Outlook 2003 radically restructures its junk mail filtering features and adds whitelists, blacklists, and other options to help you get a handle on the endless stream of junk coming at your Inbox. Outlook 2003 provides four basic levels of protection, which you configure by choosing Tools, Options, and clicking Junk E-mail (Figure D):
- No Protection: As you might expect, Outlook performs no junk filtering with this option enabled.
- Low: Outlook scans for obvious junk mail and places it in the Junk Mail folder.
- High: Outlook uses more aggressive scanning with this option, also placing the messages in the Junk Mail folder. More aggressive scanning means more likelihood of at least some false positives, with valid messages being moved to the Junk Mail folder.
- Safe Lists Only: Outlook accepts messages only from senders or to recipients listed on the Safe Senders and Safe Recipients lists, as well as from senders in your Contacts folder (optional).
If you enable junk filtering, you can have Outlook delete the messages rather than place them in the Junk Mail folder, but you run the risk of losing at least some valid messages with that option. You should use the Junk Mail folder for a few months first to identify false positives, and add those senders or recipients to the safe lists.
The Safe Senders list identifies addresses from which Outlook should accept e-mail without considering it to be junk. Outlook includes an option that directs it to also trust all mail from senders in your Contacts folder. The Safe Recipients list specifies destination addresses for messages that Outlook should not consider junk. For example, assume you participate in a mailing list that is sent to a list distribution address, not directly to you. Adding the list recipient address to the Safe Recipients list prevents the messages from being treated as junk.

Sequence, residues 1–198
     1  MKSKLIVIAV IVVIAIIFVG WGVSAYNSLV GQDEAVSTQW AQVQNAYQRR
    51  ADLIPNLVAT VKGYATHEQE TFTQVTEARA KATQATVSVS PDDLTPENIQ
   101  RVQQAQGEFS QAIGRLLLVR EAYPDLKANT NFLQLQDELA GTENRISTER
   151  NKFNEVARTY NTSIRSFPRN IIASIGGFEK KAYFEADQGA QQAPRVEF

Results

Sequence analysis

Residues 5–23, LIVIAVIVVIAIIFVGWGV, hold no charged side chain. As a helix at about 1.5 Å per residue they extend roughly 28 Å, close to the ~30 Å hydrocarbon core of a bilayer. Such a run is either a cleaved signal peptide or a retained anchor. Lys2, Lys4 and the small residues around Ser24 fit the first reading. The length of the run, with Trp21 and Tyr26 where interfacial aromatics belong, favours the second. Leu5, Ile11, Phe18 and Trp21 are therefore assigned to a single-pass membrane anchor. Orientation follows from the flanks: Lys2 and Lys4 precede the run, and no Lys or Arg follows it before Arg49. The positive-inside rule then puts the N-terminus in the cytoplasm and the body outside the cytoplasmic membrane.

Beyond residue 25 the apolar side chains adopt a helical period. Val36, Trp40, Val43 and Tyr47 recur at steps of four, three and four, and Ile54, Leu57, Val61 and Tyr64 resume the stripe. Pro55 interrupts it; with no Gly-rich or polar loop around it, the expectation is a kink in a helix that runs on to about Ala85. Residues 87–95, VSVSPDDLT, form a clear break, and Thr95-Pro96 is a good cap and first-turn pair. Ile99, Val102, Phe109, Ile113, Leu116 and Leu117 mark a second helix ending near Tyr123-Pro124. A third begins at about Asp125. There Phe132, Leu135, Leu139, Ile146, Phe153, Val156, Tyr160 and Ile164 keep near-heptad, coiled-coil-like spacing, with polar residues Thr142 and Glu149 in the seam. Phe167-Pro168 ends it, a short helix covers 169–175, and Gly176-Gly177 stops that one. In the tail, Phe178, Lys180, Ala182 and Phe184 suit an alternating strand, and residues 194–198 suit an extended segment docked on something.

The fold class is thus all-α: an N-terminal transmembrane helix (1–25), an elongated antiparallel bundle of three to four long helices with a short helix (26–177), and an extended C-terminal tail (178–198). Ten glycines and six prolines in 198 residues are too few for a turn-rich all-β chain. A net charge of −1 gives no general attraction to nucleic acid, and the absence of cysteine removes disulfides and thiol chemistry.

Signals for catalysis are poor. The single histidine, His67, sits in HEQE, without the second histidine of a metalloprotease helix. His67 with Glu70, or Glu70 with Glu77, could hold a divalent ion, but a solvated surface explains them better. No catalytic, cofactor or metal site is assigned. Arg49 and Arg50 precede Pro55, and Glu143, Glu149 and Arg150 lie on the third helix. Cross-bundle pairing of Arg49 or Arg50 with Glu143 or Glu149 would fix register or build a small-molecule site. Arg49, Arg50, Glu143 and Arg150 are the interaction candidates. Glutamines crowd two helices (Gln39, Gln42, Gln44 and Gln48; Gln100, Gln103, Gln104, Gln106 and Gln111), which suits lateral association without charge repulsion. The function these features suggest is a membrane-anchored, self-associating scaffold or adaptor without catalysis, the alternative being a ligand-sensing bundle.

Both the Safe Senders and Safe Recipients lists are whitelists. The Blocked Senders list is Outlook’s blacklist. Messages from addresses or domains that you add to the Blocked Senders list are treated as junk mail regardless of the message content, subject, header, or other message properties. You can import and export addresses to each of Outlook’s lists to help you quickly build and share the lists.
Another feature Outlook 2003 adds to help reduce spam is external content blocking. Many spammers include external content in e-mail, and when you display the message, the external content is accessed. The remote server makes note of your e-mail address and flags it as a valid address. By blocking external content, Outlook 2003 prevents the message from triggering the server to validate your e-mail address. To configure these settings in Outlook 2003, choose Tools, Options, click the Security tab, and click Change Automatic Download Settings.
Information Rights Management (IRM)
Information Rights Management is Microsoft’s solution to protecting content rights. In a nutshell, IRM lets you specify permissions for a message to prevent the recipient from copying, forwarding, or printing the message without explicit permission. To view the message, the recipient must be running Outlook 2003 or must install the Rights Management Add-on for Internet Explorer.
To take full advantage of IRM, you need to install Windows Server 2003 and the Rights Management Services (RMS). With RMS installed, you can create permission policies that define the actions that can be performed with a given item. You can create an unlimited number of policy templates for RMS as needed.
A new look
The Outlook development team gave Outlook a completely new look for the 2003 release (Figure E). The Outlook bar has been replaced by the Navigation pane. Buttons on the Navigation pane open their respective Outlook folders, and items such as the folder list, views, folder options, and other commands and options are available from the Navigation pane. The contents of the Navigation pane change depending on which folder is open.
You can add shortcuts to the Navigation pane—just as you can for the Outlook bar in other versions—to make it easy to open frequently used Web sites, documents, or other Outlook folders. Unfortunately, Outlook 2003 doesn’t make it very easy to create shortcuts directly because the program provides only an interface for creating shortcuts to Outlook folders. However, you can drag documents or Web shortcuts (such as from your Favorites folder) from Windows Explorer to a shortcut in the Navigation pane to add that shortcut to a group.